"As Harvey's winds die down, trouble for Texas may have just begun with forecasts for unprecedented flooding across the heart of U.S. energy production and in Houston, the nation's fourth-largest city," per Bloomberg:
- The storm's second wind "could be worse as Harvey stalls and promises to dump more than 3 feet of rain onto Texas for the next few days."
- NYT: Now blamed for a least 5 deaths.
- "Key oil and gas facilities along the Texas Gulf Coast ... temporarily shut down, ... virtually assuring gasoline prices will rise in the storm's aftermath." (AP)
- Houston Chronicle banner: "STATE OF DESTRUCTION." See the page.
- Weather Channel banner: "Days of Dangerous Flooding Ahead."
- Wall Street Journal: The federal government's "National Flood Insurance Program could be inundated with billions of new claims ... Yet the U.S. program is scheduled to expire on Sept. 30 and has just $5.8 billion left it can borrow from the Treasury to meet new claims," and $25 billion in debt from earlier storms.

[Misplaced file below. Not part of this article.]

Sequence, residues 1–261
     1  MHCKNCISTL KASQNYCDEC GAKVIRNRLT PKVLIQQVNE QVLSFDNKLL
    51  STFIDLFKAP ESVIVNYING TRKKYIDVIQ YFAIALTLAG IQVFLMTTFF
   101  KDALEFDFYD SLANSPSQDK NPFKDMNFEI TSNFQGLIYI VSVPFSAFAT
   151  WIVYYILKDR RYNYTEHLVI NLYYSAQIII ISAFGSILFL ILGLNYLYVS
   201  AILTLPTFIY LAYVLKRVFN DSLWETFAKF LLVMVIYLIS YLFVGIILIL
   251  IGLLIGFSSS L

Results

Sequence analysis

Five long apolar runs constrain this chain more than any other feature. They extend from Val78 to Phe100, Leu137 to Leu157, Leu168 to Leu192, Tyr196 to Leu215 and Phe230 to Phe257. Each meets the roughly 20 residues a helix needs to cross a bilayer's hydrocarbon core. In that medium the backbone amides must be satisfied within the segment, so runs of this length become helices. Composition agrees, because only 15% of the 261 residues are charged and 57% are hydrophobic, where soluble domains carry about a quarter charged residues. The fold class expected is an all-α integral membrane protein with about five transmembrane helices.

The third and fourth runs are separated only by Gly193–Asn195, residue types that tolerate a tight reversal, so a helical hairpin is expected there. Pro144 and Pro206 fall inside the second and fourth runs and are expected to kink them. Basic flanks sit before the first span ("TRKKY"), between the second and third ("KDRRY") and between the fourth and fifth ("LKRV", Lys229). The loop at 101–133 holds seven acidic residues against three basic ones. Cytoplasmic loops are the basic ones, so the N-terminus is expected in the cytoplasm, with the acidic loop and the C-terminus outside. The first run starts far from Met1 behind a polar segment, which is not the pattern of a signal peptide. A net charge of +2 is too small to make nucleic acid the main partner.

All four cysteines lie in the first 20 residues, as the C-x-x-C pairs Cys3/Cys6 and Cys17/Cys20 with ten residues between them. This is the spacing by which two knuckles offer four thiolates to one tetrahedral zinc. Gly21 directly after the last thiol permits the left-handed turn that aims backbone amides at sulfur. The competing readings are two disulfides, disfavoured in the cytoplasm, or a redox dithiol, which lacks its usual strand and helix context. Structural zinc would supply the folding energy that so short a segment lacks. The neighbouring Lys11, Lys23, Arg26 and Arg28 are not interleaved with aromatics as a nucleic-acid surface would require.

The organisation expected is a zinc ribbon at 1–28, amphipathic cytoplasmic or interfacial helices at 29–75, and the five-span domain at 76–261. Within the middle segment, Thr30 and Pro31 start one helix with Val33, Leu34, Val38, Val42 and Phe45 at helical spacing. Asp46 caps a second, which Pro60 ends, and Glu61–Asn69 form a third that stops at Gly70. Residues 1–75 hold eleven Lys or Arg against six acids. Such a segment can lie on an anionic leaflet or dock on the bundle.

- "Harvey plays havoc with people living on the margins," by Reuters' Brian Thevenot in Corpus Christi: "[A] natural disaster can make life desperate for those on the margins of society."
6. Trump was "gung-ho" about Arpaio
"The president asked Attorney General Jeff Sessions [this spring] whether it would be possible for the government to drop the criminal case against Arpaio, but was advised that would be inappropriate," the WashPost's Phil Rucker and Ellen Nakashima report on the front page, at the top of column 1:
- "After talking with Sessions, Trump decided to let the case go to trial, and if Arpaio was convicted, he could grant clemency."
- "So the president waited, all the while planning to issue a pardon if Arpaio was found in contempt of court for defying a federal judge's order to stop detaining people merely because he suspected them of being undocumented immigrants."